Bioethanol and briquette production as an alternative control measure of water Hyacinth on lake Victoria.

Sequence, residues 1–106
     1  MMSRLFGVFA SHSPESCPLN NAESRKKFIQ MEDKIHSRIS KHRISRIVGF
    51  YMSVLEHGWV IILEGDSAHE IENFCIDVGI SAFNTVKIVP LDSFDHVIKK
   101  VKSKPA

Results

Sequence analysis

Uganda’s energy sector is still predominantly dependent on biomass that contributes 88% of the total primary energy consumed through firewood, charcoal and crop residues. This widespread dependence on biomass energy resources has resulted in rapid forest depletion estimated to be 0.8% annually, equivalent to a loss of about 50,000 hectares of forest per year. Thus, promoting the use of other efficient biofuels alternatives that is, bioethanol and briquettes derived from Water Hyacinth (WH) is an attractive. WH is a proven biomass resource as a viable biofuel feedstock due to the presence of cellulose, hemicellulose and lignin in water hyacinth makes it a viable biofuel feedstock. In Uganda, WH is in abundance and has created vast disturbance in navigation and power generation on Uganda’s waters especially Lake Victoria. Investment has been directed towards the control of WH through mechanical, physical and biological techniques. Fresh WH samples were collected and tested for dry matter content, ash content, organic matter, organic carbon, lignin content, cellulose content, hemicellulose content and total reducing sugars. Different pre-treatment methods of WH (acid, alkali and yeast) were used for the production of bioethanol. The WH was also carbonised and compacted with different binders including cassava starch, anthill soil and cow-dung for production of briquettes. The calorific values of both bioethanol and briquettes were determined. The physical and chemical properties of fresh WH were determined to be 20.20%, 24.63%, 27.87%, 15.13%, 3.80%, 96.63% and 96.35% for lignin content, cellulose content, hemicellulose, dry matter, ash content, organic matter and organic carbon, and the percentage content respectively. The percentage bio-ethanol yields were 29.5 % for acid hydrolysed ferment, 18% for alkali hydrolysed ferment and 20.5 % for enzyme hydrolysed ferment. The calorific values of bioethanol and briquettes samples of cassava starch, anthill soil, cow dung and no binder were found to be 26.4 MJ/kg and 8.061 MJ/kg, 2.076 MJ/kg 9.034 MJ/kg, 7.174 MJ/kg respectively. It was concluded that fermentation of water hyacinth using acid hydrolysis pre-treatment yields an optimum process for ethanol production. The bioethanol produced from water hyacinth was of good quality and fit for use as a cooking fuel. The briquettes produced using cow dung and cassava starch binder had the best quality compared to those of anthill soil binder and no binder. The study recommends the production of briquettes from mixture of water hyacinth and cow dung and its utilization could be advocated since its usage as solid biofuel, will alleviate the challenges caused by water hyacinth.